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May 2013

Following these guidelines will ensure safe and comfortable results while wearing your lenses – I bet there is at least one thing on the list that is new to you!

  • Do not over-wear your lenses. You may save money in the short term, but wearing them for longer than the prescribed time can lead to infections or other eye conditions.
  • Do not wear lenses if your eyes are red, irritated, teary, painful, light sensitive, or if you have sudden blurred vision or discharge. If these symptoms don’t clear up in a few days, see your optometrist.
  • Do not handle lenses with dirty hands.
  • Do not use saliva to wet or clean your lenses. The mouth is full of bacteria that can be harmful to the eyes.
  • Never use tap water to rinse or soak soft lenses. Minerals and impurities can damage the lenses and can cause infections if absorbed through the eyes.
  • Do not store your soft lenses without solution. They will dry out quickly – multi-purpose solutions are safe to use on lenses for both rinsing and soaking.
  • Do not wear lenses without rinsing them first. The protein deposits loosened while soaking need to be cleaned from the lenses before you insert them.
  • Do not use anyone else’s contact lenses other than your own. Even if you have the same prescription, every lens fits differently. They can damage your eyes if not fitted properly – including colored contacts.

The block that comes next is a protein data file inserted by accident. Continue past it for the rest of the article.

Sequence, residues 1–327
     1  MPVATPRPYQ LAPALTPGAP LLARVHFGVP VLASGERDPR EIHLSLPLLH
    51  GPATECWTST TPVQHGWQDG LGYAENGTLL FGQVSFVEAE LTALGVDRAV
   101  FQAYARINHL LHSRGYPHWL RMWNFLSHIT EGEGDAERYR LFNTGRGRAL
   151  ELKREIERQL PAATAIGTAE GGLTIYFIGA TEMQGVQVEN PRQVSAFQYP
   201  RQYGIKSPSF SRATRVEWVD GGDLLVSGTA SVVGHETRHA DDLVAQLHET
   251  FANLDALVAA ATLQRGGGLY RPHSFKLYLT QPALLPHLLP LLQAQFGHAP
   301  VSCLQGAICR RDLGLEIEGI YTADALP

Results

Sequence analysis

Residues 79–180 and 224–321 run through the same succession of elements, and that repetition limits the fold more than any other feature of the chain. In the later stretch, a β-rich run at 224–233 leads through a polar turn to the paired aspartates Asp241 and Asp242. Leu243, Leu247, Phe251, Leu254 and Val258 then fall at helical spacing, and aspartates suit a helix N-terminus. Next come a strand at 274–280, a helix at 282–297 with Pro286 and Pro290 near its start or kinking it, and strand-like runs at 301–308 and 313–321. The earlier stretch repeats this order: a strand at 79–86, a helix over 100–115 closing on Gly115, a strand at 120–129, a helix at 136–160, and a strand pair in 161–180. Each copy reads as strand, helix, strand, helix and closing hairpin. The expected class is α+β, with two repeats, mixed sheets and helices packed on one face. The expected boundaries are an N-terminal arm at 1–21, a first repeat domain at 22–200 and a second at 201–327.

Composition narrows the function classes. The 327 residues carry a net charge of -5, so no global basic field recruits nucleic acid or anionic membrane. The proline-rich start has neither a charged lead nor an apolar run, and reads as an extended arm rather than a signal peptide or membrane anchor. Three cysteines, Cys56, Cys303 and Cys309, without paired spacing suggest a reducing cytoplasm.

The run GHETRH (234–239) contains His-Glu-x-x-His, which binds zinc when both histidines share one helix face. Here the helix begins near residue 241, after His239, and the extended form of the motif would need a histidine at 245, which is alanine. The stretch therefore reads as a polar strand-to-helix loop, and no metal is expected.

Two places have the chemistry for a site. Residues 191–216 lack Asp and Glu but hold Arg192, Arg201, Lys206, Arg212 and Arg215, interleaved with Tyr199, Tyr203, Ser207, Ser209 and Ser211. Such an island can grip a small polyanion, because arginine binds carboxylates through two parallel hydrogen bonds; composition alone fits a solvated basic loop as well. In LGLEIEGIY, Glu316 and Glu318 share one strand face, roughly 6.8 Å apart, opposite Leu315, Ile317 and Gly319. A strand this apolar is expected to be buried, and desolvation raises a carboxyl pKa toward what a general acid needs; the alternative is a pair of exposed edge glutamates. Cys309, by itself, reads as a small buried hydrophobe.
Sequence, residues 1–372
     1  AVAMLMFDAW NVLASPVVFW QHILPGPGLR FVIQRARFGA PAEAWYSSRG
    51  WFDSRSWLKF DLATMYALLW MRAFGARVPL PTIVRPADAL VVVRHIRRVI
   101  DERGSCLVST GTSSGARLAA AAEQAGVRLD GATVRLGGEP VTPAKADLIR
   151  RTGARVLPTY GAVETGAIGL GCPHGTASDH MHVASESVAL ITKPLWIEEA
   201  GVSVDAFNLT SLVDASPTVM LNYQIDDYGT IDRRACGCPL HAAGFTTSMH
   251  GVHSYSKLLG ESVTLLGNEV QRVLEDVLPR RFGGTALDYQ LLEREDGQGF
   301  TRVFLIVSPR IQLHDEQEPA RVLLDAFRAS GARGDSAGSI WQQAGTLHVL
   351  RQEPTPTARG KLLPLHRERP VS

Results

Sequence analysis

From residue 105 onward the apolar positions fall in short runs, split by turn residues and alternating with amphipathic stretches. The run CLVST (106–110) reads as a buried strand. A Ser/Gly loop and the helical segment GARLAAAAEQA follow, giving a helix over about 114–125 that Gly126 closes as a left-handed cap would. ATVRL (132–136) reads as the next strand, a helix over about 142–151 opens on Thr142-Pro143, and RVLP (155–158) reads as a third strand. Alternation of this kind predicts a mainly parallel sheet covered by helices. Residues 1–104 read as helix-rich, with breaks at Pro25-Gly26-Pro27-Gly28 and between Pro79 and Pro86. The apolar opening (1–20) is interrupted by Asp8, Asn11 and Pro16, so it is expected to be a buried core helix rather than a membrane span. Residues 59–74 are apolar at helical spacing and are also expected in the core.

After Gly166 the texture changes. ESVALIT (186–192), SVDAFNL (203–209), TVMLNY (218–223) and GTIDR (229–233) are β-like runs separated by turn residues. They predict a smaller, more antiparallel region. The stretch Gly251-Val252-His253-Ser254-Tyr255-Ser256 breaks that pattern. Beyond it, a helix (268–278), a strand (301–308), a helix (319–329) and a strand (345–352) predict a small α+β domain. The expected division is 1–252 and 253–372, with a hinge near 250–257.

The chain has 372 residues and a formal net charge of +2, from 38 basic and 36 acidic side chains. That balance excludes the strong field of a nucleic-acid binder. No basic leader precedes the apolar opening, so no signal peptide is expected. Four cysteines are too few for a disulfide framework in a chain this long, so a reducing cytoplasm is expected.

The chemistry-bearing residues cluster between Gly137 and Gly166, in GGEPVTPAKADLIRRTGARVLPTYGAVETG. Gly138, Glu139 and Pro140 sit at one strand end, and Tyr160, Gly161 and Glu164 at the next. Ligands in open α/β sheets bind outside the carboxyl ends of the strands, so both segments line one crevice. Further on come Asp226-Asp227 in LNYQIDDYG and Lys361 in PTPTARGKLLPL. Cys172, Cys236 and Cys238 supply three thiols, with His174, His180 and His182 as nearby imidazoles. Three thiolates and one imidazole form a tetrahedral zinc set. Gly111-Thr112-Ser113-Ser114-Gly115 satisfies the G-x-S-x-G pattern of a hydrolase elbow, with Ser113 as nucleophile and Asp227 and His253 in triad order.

• Do not swim with contact lenses. Chlorine and chemicals can ruin them, and there is a risk of severe infections due to bacteria and parasites that reside in pools and hot tubs.
  • Do not get makeup, hairspray, or other cosmetics on the lens. Use hairspray before inserting lenses, or close your eyes when using it. Wait to apply eye makeup until after inserting lenses.

Doctors Shah and Wiedeman fit and prescribe contact lenses that are perfect for your lifestyle.

The old saying “a picture is worth a thousand words” couldn’t be more true: aside from capturing the beauty of special occasions, images are also used in the ophthalmology field to document a specific eye condition’s progress by freezing a moment in time.